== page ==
One of the most important elements for fashion companies to engage in is figuring out their core values. Some are doing very well, combining good business with good doing. Unfortunately, too many companies still only have a CSR policy because they have to, not because they want to. Some think it’s enough to do a collaboration every once in a while, donating the surplus to charity. It will be so much more beneficial for the business to do CSR work connected with their core values and core business. The core business of fashion companies is clothes, so donating ten soccer balls to an underprivileged soccer team is not a reflection of your core business. Instead, why don’t you support the seamstresses that make the soccer shirts, making sure their workplace is sustained? This might seem irrelevant—doing good is doing good, right? Well, it will be much more significant to your business’ self-perception and values, if your CSR work reflects and is implemented in your core business, is long-termed and makes a difference. So lets eliminate the doing good for PR reasons, shall we?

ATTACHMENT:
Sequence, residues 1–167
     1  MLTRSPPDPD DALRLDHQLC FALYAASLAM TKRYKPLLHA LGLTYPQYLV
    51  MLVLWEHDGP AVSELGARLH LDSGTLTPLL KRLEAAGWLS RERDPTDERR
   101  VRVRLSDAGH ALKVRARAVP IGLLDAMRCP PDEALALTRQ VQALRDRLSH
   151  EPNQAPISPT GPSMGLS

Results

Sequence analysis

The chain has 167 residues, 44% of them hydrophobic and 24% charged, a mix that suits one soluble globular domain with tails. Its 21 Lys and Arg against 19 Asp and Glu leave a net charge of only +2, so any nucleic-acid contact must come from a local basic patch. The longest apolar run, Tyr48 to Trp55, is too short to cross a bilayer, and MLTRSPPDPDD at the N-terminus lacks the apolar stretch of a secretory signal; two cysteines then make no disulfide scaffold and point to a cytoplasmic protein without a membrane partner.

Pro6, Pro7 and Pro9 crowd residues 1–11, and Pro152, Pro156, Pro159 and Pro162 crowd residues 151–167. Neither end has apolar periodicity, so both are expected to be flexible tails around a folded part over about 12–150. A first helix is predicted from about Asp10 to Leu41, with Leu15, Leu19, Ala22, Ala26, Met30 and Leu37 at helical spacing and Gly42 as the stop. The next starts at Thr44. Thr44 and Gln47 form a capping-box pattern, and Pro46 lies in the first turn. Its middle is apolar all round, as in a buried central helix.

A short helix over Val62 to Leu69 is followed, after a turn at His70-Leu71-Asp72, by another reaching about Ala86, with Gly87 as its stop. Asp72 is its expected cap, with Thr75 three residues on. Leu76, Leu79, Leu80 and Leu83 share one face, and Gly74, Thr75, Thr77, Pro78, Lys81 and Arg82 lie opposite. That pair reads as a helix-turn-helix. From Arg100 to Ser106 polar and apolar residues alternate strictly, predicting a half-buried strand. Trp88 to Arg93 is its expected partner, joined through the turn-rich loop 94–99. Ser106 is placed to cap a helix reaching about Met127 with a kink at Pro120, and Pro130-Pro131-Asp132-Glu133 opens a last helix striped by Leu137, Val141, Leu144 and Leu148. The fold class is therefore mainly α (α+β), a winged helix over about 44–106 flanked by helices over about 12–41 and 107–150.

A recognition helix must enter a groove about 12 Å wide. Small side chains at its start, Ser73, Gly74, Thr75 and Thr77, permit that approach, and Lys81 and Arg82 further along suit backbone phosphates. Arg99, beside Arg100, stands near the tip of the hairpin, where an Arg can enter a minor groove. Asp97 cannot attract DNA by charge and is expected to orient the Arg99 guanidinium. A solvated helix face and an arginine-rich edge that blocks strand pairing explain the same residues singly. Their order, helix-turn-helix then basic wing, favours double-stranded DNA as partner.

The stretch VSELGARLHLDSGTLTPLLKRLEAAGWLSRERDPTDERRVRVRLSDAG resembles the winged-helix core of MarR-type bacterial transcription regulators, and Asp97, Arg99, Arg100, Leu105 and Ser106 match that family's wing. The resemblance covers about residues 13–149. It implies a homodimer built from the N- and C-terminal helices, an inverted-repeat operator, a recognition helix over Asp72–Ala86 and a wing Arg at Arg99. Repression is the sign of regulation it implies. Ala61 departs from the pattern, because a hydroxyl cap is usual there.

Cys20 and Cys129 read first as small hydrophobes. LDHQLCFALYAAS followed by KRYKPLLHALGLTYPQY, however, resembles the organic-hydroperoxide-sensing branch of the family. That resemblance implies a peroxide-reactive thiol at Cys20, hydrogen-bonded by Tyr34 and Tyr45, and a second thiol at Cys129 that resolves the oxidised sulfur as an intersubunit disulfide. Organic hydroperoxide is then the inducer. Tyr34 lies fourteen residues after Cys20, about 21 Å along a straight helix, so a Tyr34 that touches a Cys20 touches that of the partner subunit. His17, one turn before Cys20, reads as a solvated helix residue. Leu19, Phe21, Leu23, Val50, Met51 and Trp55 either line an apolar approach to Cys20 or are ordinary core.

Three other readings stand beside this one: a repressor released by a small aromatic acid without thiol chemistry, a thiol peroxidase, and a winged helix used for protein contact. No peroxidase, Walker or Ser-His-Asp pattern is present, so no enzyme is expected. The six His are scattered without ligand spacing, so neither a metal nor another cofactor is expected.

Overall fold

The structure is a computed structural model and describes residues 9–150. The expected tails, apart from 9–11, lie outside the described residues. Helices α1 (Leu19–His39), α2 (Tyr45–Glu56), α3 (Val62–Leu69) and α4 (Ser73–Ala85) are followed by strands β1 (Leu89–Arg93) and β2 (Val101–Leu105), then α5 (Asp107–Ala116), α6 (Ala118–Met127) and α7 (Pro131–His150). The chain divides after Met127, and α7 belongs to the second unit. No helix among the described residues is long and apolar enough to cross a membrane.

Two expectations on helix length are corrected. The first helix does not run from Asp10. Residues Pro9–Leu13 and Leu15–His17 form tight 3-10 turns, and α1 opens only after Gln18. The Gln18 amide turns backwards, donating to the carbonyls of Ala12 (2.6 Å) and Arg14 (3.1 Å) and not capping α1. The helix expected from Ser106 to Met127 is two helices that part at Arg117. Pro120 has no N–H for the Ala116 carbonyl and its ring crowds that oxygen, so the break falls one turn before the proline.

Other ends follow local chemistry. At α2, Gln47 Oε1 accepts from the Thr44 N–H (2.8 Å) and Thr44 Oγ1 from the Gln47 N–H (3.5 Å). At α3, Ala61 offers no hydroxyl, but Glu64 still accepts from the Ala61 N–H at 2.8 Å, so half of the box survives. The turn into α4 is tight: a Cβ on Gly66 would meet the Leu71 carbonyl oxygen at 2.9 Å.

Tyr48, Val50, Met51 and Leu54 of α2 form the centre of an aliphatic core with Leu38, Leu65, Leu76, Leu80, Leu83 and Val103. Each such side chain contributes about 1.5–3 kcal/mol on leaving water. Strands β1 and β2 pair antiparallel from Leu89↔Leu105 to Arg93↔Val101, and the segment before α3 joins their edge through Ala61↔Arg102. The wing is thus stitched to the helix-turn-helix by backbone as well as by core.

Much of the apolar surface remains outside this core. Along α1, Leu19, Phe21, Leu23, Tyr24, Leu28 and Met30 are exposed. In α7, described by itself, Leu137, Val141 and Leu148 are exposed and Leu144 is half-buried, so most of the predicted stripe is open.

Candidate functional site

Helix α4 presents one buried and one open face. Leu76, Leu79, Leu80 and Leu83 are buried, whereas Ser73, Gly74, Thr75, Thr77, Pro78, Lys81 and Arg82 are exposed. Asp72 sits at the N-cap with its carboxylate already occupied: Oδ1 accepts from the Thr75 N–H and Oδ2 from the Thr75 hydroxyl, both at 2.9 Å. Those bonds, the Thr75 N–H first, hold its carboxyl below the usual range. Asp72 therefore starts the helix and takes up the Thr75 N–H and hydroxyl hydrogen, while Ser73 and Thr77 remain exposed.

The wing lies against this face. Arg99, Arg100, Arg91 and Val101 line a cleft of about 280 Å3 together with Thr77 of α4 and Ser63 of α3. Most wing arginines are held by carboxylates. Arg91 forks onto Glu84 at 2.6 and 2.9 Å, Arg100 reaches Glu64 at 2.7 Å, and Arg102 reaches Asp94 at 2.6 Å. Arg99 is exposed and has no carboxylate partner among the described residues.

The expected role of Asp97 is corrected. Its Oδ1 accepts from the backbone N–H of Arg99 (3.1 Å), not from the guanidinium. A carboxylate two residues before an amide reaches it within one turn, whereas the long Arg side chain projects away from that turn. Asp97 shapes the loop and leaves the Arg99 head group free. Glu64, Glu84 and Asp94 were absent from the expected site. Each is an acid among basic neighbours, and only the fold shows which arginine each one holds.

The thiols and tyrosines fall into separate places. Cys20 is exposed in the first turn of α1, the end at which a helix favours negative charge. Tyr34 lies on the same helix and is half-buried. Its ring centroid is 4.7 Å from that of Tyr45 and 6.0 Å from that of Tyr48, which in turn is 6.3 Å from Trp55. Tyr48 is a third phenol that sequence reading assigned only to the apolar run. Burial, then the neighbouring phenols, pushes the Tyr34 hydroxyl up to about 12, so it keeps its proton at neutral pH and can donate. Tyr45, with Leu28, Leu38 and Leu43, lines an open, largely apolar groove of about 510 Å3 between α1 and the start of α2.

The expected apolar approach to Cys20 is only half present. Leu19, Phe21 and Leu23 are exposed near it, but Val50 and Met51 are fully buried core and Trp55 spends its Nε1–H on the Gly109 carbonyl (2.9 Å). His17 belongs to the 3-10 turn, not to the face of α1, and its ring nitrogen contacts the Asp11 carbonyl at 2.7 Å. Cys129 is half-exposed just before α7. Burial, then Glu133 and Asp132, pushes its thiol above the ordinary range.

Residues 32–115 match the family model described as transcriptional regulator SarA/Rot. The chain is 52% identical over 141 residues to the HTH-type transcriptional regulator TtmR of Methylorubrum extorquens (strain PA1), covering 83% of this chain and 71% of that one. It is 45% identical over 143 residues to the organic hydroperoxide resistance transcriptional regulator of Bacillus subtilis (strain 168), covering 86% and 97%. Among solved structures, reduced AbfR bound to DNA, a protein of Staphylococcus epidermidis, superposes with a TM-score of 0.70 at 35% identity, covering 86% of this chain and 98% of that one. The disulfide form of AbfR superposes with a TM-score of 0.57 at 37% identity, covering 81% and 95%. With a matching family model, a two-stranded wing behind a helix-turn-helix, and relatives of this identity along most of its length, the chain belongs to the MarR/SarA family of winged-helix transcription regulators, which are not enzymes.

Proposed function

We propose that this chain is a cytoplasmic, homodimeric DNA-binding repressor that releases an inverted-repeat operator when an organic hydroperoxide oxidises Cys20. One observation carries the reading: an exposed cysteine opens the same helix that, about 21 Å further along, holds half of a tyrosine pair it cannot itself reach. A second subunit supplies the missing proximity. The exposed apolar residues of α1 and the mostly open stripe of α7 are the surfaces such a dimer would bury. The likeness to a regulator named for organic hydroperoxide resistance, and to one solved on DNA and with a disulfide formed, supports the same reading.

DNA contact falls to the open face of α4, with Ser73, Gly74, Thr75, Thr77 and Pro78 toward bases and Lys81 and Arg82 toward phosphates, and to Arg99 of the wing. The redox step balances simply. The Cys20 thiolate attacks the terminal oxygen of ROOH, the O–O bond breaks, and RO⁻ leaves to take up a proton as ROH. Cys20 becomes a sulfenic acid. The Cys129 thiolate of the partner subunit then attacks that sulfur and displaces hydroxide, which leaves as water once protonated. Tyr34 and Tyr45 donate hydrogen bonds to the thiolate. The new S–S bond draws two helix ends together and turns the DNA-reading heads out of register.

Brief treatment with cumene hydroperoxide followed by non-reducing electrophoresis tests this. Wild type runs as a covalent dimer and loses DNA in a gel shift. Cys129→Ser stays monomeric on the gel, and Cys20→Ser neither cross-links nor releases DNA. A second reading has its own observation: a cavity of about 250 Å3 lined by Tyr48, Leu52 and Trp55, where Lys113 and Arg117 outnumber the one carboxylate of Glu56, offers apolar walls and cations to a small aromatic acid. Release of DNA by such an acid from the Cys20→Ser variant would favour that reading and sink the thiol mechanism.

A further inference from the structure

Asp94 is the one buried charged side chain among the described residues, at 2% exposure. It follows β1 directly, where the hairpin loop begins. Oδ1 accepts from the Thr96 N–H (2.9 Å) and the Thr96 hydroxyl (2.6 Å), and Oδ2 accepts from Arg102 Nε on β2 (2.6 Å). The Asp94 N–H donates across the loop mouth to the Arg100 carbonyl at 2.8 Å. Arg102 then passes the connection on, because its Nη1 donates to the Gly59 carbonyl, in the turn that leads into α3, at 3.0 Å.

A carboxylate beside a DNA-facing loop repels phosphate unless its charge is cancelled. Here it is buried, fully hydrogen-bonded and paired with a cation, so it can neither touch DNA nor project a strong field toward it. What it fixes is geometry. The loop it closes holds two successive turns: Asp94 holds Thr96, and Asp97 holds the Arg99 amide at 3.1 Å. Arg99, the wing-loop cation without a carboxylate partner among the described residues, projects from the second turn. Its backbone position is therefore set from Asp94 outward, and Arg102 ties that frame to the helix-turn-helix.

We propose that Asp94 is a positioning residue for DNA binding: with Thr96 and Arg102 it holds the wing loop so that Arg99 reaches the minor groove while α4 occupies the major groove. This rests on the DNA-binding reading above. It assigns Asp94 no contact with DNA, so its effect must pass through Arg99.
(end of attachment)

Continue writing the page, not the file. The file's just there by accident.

Another breaking point for fashion companies in terms of sustainability is their material strategy. Going from conventional, non-sustainable materials to sustainable ones is not necessarily an easy choice to make, because this is often where money enters the picture.
In the Photo: The Fabric Source is a sustainable textile library, based in Copenhagen, and an external partner of Closed Loop, which provides the company with consulting on textile choice. A big part of their collection consists of organic cotton as they want to encourage their clients to shift from regular cotton to this more responsible alternative. Photo Credit: Closed Loop